The total purse is $550,000 for the first 30 finishers, with the winner receiving $50,400 and a new truck. A record purse of $875,000 was handed out in 2008. In past years, the winner's take was as high as $69,000.

© 2014 The Associated Press. All rights reserved. This material may not be published, broadcast, rewritten or redistributed.

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2014 Iditarod Start Order

Bib No. 1 is honorary

2) Curt Perano, Central Otago, New Zealand

3) Paige Drobny, Fairbanks, Alaska

4) Gus Guenther, Clam Gulch, Alaska

5) Dan Kaduce, Chatanika, Alaska

6) Mitch Seavey, Seward, Alaska

7) Michael Williams, Jr., Akiak, Alaska

8) Yvonne DabAlaskak, Oslo, Norway

9) Newton Marshall, St. Anne, Jamaica

10) Aliy Zirkle, Two Rivers, Alaska

11) Richie Diehl, Aniak, Alaska

12) Tommy Jordbrudal, Longyearbyen, Norway

13) Kelly Maixner, Big Lake, Alaska

14) Dallas Seavey, Willow, Alaska

15) Michelle Phillips, Tagish, Yukon, Canada

16) DeeDee Jonrowe, Willow, Alaska

17) Jeff King, Denali, Alaska

18) Monica Zappa, Kasilof, Alaska

19) Allen Moore, Two Rivers, Alaska

20) Scott Janssen, Anchorage, Alaska

21) Christian Turner, Karratha, WA, Australia

22) Robert Sorlie, Hurdal, Norway

23) Aaron Burmeister, Nome, Alaska

24) Ellen Halverson, Wasilla, Alaska

25) Nathan Schroeder, Chisholm, MN

26) Charley Bejna, Addison, IL

27) Jessie Royer, Darby, MT

28) Cim Smyth, Big Lake, Alaska

29) Nicolas Petit, Girdwood, Alaska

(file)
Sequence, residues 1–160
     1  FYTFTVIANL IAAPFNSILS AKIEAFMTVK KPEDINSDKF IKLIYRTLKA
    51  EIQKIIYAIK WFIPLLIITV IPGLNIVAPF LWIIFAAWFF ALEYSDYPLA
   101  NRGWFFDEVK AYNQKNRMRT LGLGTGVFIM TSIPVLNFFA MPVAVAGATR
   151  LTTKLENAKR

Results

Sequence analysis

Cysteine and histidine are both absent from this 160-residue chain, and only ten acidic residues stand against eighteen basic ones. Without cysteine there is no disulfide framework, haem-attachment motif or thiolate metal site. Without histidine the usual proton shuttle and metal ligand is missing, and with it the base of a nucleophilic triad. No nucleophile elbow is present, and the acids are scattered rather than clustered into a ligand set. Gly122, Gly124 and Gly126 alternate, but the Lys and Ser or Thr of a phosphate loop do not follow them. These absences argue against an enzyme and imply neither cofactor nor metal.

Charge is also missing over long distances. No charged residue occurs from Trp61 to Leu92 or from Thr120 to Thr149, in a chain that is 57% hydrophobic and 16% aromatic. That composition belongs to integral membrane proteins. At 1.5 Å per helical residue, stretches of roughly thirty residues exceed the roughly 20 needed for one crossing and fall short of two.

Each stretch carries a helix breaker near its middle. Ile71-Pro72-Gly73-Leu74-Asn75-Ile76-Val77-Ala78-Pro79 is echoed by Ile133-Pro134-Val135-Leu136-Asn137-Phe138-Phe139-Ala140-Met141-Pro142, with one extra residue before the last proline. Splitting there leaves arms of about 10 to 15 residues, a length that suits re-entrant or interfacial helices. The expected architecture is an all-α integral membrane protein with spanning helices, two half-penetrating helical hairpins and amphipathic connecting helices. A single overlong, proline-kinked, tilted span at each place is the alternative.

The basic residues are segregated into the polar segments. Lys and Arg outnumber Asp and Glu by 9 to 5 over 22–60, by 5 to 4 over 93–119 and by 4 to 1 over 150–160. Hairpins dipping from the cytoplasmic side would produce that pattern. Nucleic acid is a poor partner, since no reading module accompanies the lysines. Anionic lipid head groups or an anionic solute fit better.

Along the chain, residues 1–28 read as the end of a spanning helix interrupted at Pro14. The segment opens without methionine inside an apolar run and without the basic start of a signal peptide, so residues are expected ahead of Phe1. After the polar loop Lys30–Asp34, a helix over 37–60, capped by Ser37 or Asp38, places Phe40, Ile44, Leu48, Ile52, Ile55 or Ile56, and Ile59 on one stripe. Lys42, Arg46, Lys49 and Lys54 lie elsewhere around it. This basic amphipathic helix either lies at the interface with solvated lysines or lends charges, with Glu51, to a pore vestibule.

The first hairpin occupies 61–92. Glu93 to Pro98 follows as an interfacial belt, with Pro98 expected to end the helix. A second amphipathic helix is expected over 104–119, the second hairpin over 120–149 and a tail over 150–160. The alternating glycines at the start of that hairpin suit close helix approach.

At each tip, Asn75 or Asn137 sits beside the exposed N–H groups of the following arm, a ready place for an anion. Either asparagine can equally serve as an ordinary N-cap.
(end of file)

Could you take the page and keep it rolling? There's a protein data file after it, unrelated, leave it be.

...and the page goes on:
30) Rick Casillo, Willow, Alaska

31) Lev Shvarts, Willow, Alaska

32) Linwood Fiedler, Willow, Alaska

33) Karin Hendrickson, Wasilla, Alaska

34) Justin Savidis, Willow, Alaska

35) Paul Gebhardt, Kasilof, Alaska

36) Martin Buser, Big Lake, Alaska

37) Jake Berkowitz, Big Lake, Alaska

38) Jim Lanier, Chugiak, Alaska

39) Jason Mackey, Wasilla, Alaska

40) Jan Steves, Edmonds, WA

41) Lisbet Norris, Willow, Alaska

42) Cindy Gallea, Wykoff, MN

43) Peter Kaiser, Bethel, Alaska

44) Mats Pettersson, Kiruna, Sweden

45) John Dixon, Fairbanks, Alaska

46) Cindy Abbott, Irvine, CA

47) Joar Leifseth Ulsom, Mo i Rana, Norway

48) Travis Beals, Seward, Alaska

49) Ramey Smyth, Willow, Alaska

50) Marcelle Fressineau, Whitehorse, YT, Canada

51) Ray Redington, Jr., Wasilla, Alaska

52) Anna Berington, Kasilof, Alaska

53) John BAlaskaer, Kotzebue, Alaska

54) Ralph Johannessen, Dagali, Norway

55) Elliot Anderson, Big Lake, Alaska

56) Kristy Berington, Kasilof, Alaska

57) Matt Failor, Willow, Alaska

58) Hans Gatt, Whitehorse, YT, Canada

59) Karen Ramstead, Perryvale, AB, Canada

60) Alex Buetow, Fairbanks, Alaska

61) Hugh Neff, Tok, Alaska

62) Danny Seavey, Seward, Alaska

63) Katherine Keith, Kotzebue, Alaska

64) Robert Bundtzen, Anchorage, Alaska

65) Ken Anderson, Fairbanks, Alaska

66) Mike Ellis, Two Rivers, Alaska

67) Wade Marrs, Wasilla, Alaska

68) Mike Santos, Cantwell, Alaska

69) Abbie West, Two Rivers, Alaska

70) Sonny Lindner, Two Rivers, Alaska